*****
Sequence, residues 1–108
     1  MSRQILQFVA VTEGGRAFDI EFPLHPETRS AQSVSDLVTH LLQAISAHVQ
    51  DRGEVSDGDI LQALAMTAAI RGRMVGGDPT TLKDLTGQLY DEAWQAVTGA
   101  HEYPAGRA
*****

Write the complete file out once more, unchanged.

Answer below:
Sequence, residues 1–108
     1  MSRQILQFVA VTEGGRAFDI EFPLHPETRS AQSVSDLVTH LLQAISAHVQ
    51  DRGEVSDGDI LQALAMTAAI RGRMVGGDPT TLKDLTGQLY DEAWQAVTGA
   101  HEYPAGRA